A power read: Koko on NPA’s failures, the Guptas and the bank closure ‘hate crime’
Former Eskom boss Matshela Koko sits down with 'The Citizen' to talk about some of his big controversies
Former Eskom CEO Matshela Koko. Picture: Gallo Images / Mail & Guardian / Madelene Cronjé
“Even if the National Prosecuting Authority (NPA) were given 100 years to investigate me, they would come out with nothing.”
These were the words of former Eskom CEO Matshela Koko during a tell-all interview with The Citizen this week, after his R2.1-billion corruption case was struck off the court’s roll.
The matter relates to alleged dodgy contracts awarded to Swiss-based engineering company Asia Brown Boveri (ABB) for the construction of Eskom’s Kusile Power Plant.
The Middleburg Regional Court found the NPA’s request for additional time to investigate the matter amounted to an unreasonable delay.
In September prosecutors told the court that they needed time to conclude several witness statements, based overseas, and resource constraints had affected the case. The defence argued the matter should be struck off the roll, claiming the NPA had wasted time and arrested the accused prematurely.
‘Why was I arrested?’
Reacting to the court’s judgment, Koko questioned how the NPA was not ready for trial when it had been investigating him since 2017 and arrested him in August last year.
“The question arises, why was I arrested? Cabinet dismissed me in 2018, saying I was corrupt. You can’t dismiss someone five years ago on the basis that they are corrupt and yet they are still walking the streets. The NPA had to charge me based on the cabinet decision of 2018 to fire me, and they had to find something,” he said.
He claimed the evidence against him did not suggest a prima facie case against him, and believed he was being targeted because he held a “very powerful position at Eskom”.
“I am telling you now, give the NPA 100 years, they will not get to court and say this is how in the procurement strategy that led to the inclusion of ABB. They will not come and say because ABB was not at play and because of the hand of Mr Koko, here is a WhatsApp message, here is a telephone record, here is an email, records of meetings and this is how the puppet manipulated the puppet master to involve ABB,” he added.
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He further claimed the NPA had been set up to fail.
“They have over 200 witnesses and as soon as you start getting to 200 witnesses and 1.4 billion pages to prove your case, you are in trouble.”
‘The R600m we gave the Gupta companies was the best thing that happened to Eskom’
Koko was implicated in the Judicial Commission of Inquiry into State Capture, with chair Chief Justice Raymond Zondo recommending he and former Eskom chief financial officer, Anoj Singh, face criminal charges for paving the way for the Gupta family to purchase the Optimum Coal Mine using Eskom money. Koko filed an application with the Joburg High Court challenging various findings of the commission.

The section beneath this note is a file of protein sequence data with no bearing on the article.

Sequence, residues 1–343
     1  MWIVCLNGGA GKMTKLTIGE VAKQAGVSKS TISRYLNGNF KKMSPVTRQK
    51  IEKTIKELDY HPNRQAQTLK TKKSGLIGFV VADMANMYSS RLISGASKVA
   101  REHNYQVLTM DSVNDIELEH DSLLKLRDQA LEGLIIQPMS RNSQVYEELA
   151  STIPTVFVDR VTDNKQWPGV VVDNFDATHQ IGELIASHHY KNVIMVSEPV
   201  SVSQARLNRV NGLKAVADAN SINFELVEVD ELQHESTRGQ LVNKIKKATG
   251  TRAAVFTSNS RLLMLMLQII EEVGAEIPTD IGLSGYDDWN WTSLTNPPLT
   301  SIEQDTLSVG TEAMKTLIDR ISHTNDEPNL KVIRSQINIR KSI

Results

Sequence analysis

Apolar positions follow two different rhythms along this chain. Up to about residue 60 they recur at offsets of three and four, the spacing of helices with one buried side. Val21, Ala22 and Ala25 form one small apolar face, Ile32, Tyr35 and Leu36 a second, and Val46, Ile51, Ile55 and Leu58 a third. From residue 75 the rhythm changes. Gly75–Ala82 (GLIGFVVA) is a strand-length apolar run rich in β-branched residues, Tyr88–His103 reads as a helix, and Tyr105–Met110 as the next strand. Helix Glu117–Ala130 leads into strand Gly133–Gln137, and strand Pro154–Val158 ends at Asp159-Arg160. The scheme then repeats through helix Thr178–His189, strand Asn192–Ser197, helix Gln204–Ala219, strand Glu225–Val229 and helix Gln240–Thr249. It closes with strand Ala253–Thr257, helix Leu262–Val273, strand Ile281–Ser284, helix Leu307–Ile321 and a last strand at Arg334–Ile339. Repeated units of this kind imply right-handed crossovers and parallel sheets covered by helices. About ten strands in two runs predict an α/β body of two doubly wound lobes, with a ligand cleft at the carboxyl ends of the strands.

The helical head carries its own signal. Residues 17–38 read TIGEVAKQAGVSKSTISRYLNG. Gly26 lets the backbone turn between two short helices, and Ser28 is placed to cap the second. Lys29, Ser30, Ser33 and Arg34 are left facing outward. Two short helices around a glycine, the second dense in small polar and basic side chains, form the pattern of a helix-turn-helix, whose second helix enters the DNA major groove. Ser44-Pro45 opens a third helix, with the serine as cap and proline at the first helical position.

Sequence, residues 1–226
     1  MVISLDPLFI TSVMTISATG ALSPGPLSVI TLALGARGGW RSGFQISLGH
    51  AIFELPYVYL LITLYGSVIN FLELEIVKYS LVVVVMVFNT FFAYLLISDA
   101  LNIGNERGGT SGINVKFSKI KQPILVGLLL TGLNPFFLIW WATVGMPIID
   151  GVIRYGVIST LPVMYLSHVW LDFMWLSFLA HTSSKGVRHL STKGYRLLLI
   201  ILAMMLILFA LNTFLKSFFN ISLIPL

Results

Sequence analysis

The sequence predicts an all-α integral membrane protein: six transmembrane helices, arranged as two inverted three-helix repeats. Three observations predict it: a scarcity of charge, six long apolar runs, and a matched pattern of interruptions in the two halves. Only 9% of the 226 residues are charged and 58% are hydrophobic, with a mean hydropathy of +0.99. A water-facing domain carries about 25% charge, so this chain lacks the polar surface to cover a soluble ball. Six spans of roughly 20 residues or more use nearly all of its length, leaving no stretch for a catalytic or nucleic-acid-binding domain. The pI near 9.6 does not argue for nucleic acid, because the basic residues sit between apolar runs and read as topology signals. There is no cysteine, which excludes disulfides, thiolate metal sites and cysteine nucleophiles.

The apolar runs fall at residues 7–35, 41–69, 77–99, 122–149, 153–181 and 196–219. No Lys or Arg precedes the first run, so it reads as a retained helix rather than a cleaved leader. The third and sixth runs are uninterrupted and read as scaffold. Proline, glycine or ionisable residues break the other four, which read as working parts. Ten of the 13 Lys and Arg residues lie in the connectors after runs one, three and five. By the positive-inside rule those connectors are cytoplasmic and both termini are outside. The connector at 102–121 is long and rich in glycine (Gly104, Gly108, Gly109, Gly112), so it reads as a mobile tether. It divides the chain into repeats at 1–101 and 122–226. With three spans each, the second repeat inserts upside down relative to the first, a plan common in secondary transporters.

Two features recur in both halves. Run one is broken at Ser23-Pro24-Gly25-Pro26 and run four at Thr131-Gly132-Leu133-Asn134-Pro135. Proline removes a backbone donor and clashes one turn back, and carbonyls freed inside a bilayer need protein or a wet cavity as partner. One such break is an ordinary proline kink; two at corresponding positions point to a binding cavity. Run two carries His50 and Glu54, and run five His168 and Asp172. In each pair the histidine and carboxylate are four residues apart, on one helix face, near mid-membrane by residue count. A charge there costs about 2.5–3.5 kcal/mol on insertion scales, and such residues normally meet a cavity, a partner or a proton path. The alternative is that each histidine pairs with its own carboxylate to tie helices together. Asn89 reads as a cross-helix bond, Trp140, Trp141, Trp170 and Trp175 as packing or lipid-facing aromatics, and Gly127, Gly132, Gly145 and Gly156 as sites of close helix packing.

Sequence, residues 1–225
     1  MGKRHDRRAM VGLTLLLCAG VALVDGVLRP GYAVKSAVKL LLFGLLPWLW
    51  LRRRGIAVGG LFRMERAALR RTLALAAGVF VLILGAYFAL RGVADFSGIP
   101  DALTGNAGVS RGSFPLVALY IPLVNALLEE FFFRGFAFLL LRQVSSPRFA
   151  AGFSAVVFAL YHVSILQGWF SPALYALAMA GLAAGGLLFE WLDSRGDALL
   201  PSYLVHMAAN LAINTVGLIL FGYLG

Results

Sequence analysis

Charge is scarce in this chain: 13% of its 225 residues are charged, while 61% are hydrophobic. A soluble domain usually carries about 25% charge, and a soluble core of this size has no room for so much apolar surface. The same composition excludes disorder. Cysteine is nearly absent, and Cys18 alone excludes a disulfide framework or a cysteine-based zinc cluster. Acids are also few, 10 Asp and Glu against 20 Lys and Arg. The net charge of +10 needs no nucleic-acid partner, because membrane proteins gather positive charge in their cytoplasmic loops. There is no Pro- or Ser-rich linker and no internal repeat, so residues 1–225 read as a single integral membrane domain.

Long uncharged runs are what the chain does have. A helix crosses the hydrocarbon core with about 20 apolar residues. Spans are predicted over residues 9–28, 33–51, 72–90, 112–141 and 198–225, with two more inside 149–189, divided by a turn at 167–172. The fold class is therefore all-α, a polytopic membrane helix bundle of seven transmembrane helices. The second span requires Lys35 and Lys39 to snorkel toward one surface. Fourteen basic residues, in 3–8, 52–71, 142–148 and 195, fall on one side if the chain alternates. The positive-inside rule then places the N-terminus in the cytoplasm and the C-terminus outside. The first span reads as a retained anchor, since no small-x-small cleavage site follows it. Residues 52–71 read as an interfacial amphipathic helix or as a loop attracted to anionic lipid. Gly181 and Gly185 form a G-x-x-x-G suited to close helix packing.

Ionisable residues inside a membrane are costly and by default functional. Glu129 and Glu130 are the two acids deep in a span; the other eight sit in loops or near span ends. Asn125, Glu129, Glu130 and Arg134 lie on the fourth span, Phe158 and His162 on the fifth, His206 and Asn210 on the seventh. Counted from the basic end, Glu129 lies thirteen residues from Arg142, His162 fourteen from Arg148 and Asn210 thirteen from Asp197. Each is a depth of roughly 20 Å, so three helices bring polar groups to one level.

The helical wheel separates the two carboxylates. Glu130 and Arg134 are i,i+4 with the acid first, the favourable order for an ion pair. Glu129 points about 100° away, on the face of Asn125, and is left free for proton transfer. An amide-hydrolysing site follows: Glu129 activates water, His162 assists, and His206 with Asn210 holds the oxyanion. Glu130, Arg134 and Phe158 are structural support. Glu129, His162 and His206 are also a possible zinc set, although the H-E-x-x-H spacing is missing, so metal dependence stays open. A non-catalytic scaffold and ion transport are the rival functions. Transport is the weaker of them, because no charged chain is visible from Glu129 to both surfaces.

He told The Citizen parts of the report were not worth the paper they were printed on, and stuck by the decisions he made as Eskom CEO.
“You would expect that the Eskom chapter of the state capture commission would become the most important one. No single arrest has been made in Eskom about state capture-related transactions. I can tell you that no one will be arrested.”
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“The Eskom chapter, I said, throw it in the bin. I have no sleepless nights or worries about the Eskom chapter of the Zondo report because I was there and it centres around me. The R600 million prepayment is a useless story. The R1.4 billion payment in December 2015 was useless.
“I have said the R600 million we gave to the Gupta companies was the best thing that happened to Eskom; whether you like the Guptas is irrelevant. We complied with the Eskom procedures, we acted lawfully, constitutionally and in the best interests of Eskom.”
‘A hate crime’
As reports of the alleged corruption swirled around him, banks began to close his accounts. A decision Koko described as a “hate crime” born from conspiracy.
“There are convicted criminals who still have bank accounts, I’m not convicted by the courts, I am supposed to be presumed innocent until proven otherwise.
“My wife and my daughters don’t have a bank account. Every single bank I went to open an account they declined, there must be something wrong with our law because a banking system must be a socio-economic right”.
While the NPA has expressed its confidence in bringing the case against Koko back to court, he believes the justice system should only be used to ensure “those who have broken the law will answer for their actions”.
Time will tell if he will be among them.